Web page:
Line does report funds from other kinds of tokens within the same
game, the spokesman said.
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The investigation is at an early stage, the person said. If found in violation, the company will be given time to comply, after which penalties such as a business suspension order or improvement order were possible, the person said.
TOKYO — Japanese financial regulators have raided the offices of the messaging app operator Line Corp., the company said Wednesday, over what a person familiar with the matter said was the use of tokens in one of its online games.
Online games and apps that use prepaid tokens as means of in-game payment are popular in Japan. Funds raised from prepaid tokens used as currencies must be reported, and companies are obliged to park half of customers' total unused deposits of over $90,620 with the Legal Affairs Bureau.
The Kanto Local Finance Bureau was investigating whether Line had violated Japan's fund settlement law over the handling of customers' money used to buy game tokens, said the person with knowledge of the raid, who declined to be identified because of the sensitivity of the matter.
Takeshi Idezawa, CEO of Line Corp., at a media briefing titled "Line Conference Tokyo 2016" in Urayasu, east of Tokyo, on March 24. REUTERS/Yuya Shino
Line, a subsidiary of South Korea's Naver Corp., said in a statement on its website that it was under investigation as part of a routine check on issuers of prepaid means of payment, such as tokens used in smartphone games.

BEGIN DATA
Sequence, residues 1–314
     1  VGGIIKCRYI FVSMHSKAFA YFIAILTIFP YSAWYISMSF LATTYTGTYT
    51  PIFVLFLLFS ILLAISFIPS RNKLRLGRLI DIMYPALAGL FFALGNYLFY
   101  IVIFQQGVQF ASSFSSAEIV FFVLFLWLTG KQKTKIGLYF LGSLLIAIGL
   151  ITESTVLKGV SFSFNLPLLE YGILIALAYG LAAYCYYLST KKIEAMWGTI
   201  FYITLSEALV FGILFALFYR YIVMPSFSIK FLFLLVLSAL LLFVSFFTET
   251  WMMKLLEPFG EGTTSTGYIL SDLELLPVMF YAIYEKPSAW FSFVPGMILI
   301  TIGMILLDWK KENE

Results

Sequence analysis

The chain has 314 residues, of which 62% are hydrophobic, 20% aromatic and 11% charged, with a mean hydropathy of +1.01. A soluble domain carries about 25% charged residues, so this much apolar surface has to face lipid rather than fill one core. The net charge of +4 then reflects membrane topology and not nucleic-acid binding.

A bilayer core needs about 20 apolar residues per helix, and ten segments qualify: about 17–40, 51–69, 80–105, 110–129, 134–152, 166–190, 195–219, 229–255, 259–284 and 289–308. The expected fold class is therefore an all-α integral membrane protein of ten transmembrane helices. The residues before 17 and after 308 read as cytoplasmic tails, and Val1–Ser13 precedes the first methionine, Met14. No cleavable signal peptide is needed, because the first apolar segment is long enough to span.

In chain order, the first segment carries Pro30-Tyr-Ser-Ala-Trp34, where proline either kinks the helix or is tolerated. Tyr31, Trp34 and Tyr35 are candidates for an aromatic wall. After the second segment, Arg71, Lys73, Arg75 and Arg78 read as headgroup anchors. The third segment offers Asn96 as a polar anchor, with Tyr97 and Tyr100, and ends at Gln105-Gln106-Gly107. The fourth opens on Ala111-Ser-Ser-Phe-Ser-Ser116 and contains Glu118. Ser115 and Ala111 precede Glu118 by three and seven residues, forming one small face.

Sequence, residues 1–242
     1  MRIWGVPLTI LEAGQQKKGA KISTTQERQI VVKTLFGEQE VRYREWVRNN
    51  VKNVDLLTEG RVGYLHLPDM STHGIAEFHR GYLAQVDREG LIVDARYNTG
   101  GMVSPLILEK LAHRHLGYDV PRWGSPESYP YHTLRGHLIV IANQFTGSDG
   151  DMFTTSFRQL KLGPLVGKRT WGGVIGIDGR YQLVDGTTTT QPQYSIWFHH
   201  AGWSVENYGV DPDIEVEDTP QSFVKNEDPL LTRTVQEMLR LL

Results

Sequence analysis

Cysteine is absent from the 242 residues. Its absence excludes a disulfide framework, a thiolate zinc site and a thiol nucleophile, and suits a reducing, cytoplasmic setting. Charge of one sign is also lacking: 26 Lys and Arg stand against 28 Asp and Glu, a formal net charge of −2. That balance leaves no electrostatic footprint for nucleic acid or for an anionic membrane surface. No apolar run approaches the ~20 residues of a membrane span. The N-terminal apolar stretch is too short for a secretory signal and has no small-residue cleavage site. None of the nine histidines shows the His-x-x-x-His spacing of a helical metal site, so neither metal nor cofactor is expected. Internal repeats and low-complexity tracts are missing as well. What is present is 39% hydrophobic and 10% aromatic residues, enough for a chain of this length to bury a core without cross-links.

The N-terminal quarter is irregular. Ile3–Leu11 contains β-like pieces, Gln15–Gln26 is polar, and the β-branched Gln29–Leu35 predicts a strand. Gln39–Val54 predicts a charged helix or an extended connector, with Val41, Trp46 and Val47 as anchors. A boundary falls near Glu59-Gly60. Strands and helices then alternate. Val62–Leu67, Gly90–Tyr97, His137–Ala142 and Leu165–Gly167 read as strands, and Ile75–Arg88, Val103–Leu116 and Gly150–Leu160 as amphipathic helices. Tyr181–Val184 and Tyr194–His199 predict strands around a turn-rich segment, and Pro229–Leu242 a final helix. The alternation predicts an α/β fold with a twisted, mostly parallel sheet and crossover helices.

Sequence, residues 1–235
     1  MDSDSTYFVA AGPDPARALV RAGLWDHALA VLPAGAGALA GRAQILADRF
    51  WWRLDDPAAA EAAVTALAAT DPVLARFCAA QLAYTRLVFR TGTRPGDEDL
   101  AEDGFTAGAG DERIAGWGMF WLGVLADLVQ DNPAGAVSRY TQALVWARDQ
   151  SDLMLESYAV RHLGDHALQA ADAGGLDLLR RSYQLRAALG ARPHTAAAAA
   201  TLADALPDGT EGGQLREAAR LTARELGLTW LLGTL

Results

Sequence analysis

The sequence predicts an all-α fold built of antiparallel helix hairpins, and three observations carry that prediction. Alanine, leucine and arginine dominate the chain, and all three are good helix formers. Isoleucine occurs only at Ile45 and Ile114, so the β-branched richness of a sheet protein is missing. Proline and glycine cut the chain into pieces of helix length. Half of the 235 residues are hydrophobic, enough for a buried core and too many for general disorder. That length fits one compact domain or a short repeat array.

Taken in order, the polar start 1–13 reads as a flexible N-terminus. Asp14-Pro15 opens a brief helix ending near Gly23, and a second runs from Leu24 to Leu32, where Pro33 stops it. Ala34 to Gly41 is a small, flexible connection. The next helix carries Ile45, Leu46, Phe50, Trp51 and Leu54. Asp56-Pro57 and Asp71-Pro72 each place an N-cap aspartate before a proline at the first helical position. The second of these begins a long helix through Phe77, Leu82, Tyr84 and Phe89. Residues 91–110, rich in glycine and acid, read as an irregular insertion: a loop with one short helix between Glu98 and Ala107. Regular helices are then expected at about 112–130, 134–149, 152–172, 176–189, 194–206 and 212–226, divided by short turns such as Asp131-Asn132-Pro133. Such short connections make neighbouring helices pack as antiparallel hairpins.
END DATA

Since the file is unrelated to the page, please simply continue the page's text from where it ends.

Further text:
But new rules on virtual currencies that are passing through parliament are set to make Japan one of the first countries to regulate currencies such as bitcoin at a national level, a moved welcomed by so-called fintech-related investors and companies.
($1 = 110.3500 yen)
The company put plans for a listing on hold in August, saying it would wait until its earnings and market conditions improve. CEO Takeshi Idezawa last month said a listing was still an option.
(Reporting by Takahiko Wada and Yoshiyasu Shida; Writing by Thomas Wilson; Editing by Christopher Cushing)
The news comes as Line, Japan's largest messaging app with 68 million registered users, eyes an initial public offering.
A Line spokesman said the company did not park any funds from a kind of token bought for its "Key to the Treasure Box" game because it did not consider that particular token to be a currency, and as such not subject to reporting requirements.
Naver could not be immediately reached for comment. Shares in the parent closed down 0.5% in early afternoon trade versus a 0.4% rise in the benchmark index.
Japanese regulators and companies have struggled with how to define and handle virtual currencies after the high-profile collapse of the Mt. Gox bitcoin exchange in 2014, when hackers stole an estimated $650 million worth of the digital currency.
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